Low turnout rates with high geographical disparities characterized Italian national elections in the first six decades after the country’s founding in 1861. Historians have largely overlooked these regional voting differences and their potential economic implications. A multiple-group interrupted time series analysis regression model demonstrates distinct electoral trends between the Center-North and the South, coinciding with electoral reforms in 1894 that affected electoral competition, particularly in the South. Furthermore, a random effect panel regression model reveals determinants of regional abstention rates, which indicate that different factors influenced abstention rates in the Center-North than in the South, emphasizing the relevance of political factors in the creation and widening of regional divergences in Italy.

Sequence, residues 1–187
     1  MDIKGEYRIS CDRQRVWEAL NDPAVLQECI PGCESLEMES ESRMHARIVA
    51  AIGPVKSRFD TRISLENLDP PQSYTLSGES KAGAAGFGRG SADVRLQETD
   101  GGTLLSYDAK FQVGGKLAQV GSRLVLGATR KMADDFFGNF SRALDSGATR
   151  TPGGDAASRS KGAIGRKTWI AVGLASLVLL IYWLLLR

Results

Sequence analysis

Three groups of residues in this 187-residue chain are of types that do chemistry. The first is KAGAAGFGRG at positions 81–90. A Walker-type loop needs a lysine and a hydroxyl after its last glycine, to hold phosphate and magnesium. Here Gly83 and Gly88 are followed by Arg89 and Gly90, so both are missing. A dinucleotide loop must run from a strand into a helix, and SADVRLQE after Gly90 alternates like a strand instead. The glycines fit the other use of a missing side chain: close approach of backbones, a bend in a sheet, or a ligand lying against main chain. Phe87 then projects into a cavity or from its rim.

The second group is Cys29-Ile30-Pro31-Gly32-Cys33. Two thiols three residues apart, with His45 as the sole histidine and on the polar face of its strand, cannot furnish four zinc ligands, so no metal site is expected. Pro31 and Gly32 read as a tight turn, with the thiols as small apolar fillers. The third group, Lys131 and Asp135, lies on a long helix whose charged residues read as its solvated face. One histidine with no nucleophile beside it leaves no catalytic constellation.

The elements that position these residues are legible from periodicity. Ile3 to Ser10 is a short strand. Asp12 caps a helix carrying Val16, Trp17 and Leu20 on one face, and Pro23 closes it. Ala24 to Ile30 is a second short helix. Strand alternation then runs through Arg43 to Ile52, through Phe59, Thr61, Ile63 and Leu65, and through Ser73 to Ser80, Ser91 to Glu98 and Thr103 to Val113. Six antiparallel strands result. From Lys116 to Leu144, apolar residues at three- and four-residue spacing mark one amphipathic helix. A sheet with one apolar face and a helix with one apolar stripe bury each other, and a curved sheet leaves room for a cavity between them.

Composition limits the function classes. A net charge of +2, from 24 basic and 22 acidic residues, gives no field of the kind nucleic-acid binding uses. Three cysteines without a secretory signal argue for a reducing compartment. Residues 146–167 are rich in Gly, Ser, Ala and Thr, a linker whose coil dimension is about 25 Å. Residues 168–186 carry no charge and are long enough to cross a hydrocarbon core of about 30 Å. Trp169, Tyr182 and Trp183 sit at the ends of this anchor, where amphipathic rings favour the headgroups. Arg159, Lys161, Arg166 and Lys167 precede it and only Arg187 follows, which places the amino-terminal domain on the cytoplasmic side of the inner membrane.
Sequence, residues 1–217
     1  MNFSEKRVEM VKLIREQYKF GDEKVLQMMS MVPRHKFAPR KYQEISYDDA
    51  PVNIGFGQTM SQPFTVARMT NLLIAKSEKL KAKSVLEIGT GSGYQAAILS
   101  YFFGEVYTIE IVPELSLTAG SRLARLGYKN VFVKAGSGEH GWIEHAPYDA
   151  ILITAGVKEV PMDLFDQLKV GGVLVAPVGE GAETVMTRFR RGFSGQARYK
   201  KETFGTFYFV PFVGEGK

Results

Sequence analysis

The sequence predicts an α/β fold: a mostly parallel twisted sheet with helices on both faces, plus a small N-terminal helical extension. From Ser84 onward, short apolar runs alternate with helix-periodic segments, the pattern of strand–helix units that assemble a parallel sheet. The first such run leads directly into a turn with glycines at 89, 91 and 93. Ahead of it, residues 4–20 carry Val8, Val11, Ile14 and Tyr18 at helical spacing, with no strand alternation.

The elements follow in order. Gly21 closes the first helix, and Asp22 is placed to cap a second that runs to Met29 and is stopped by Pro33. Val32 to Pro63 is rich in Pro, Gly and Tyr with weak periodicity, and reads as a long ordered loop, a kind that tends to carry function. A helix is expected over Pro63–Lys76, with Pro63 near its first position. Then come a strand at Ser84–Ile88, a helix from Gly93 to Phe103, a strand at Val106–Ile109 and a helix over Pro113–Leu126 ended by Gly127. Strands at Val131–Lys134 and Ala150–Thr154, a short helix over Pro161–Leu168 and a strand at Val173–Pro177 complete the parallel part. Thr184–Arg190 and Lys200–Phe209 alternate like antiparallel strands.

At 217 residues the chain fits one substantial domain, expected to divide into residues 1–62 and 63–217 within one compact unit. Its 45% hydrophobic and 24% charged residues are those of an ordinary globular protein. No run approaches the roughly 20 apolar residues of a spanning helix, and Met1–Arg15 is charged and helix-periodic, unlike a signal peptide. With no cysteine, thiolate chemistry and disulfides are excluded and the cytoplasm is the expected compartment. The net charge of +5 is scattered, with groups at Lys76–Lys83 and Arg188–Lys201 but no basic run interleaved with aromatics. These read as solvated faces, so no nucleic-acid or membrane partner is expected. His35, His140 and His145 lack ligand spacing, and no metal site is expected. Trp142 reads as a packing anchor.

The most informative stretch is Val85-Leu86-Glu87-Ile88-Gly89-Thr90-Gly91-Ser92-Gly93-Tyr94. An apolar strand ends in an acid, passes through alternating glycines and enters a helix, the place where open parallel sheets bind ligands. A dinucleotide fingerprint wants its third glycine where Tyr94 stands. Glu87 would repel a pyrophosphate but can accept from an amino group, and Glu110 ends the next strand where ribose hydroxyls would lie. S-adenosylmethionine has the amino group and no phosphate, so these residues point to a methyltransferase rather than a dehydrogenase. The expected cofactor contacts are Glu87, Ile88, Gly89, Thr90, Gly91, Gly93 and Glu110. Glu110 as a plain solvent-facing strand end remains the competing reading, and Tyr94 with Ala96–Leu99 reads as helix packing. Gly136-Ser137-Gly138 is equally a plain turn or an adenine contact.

You do not currently have access to this content.